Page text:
“Eh, you!” drawled out Foma, with contemptuous pity. “Can your father, can the merchant class beget anything good? Can you expect a radish to bring forth raspberries? And you lied to me. Taras is this, Taras is that. What is in him? A merchant, like the other merchants, and his paunch is also that of the real merchant. He-he!” He was satisfied, seeing that the girl, confused by his words, was biting her lips, now flushing, now turning pale.

“You — you, Foma,” she began, in a choking voice, and suddenly stamping her foot, she cried:

“Don’t you dare to speak to me!”

On reaching the threshold of the room, she turned her angry face to him, and ejaculated in a low voice, emphatically:

“Oh, you malicious man!”

Foma burst into laughter. He did not feel like going to the table, where three happy people were engaged in a lively conversation. He heard their merry voices, their contented laughter, the rattle of the dishes, and he understood that, with that burden on his heart, there was no place for him beside them. Nor was there a place for him anywhere. If all people only hated him, even as Lubov hated him now, he would feel more at ease in their midst, he thought. Then he would know how to behave with them, would find something to say to them. While now he could not understand whether they were pitying him or whether they were laughing at him, because he had lost his way and could not conform himself to anything. As he stood awhile alone in the middle of the room, he unconsciously resolved to leave this house where people were rejoicing and where he was superfluous. On reaching the street, he felt himself offended by the Mayakins. After all, they were the only people near to him in the world. Before him arose his godfather’s face, on which the wrinkles quivered with agitation, and illuminated by the merry glitter of his green eyes, seemed to beam with phosphoric light.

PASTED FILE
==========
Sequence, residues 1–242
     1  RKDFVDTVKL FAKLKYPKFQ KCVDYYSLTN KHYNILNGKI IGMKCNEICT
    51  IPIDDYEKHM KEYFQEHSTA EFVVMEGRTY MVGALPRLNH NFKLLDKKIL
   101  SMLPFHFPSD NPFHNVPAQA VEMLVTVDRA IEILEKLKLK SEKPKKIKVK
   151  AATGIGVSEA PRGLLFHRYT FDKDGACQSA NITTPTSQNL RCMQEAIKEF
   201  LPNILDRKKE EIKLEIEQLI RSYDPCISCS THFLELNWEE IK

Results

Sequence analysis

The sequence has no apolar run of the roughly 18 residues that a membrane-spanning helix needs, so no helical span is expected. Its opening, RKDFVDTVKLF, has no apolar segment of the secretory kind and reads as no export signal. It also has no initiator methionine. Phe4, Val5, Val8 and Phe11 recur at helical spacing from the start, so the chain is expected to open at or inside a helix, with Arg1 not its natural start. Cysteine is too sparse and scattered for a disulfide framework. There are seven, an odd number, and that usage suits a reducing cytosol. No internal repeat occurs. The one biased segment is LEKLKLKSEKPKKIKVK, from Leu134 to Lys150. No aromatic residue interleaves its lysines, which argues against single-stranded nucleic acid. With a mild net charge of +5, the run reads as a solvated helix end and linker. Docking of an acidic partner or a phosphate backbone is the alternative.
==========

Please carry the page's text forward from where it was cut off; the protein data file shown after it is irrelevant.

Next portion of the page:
“Even a rotten trunk of a tree stands out in the dark!” reflected Foma, savagely. Then he recalled the calm and serious face of Taras and beside it the figure of Lubov bowing herself hastily toward him. That aroused in him feelings of envy and sorrow.

“Who will look at me like that? There is not a soul to do it.”

He came to himself from his broodings on the shore, at the landing-places, aroused by the bustle of toil. All sorts of articles and wares were carried and carted in every direction; people moved about hastily, care-worn, spurring on their horses excitedly, shouting at one another, filling the street with unintelligible bustle and deafening noise of hurried work. They busied themselves on a narrow strip of ground, paved with stone, built up on one side with tall houses, and the other side cut off by a steep ravine at the river, and their seething bustle made upon Foma an impression as though they had all prepared themselves to flee from this toil amid filth and narrowness and tumult — prepared themselves to flee and were now hastening to complete the sooner the unfinished work which would not release them. Huge steamers, standing by the shore and emitting columns of smoke from their funnels, were already awaiting them. The troubled water of the river, closely obstructed with vessels, was softly and plaintively splashing against the shore, as though imploring for a minute of rest and repose.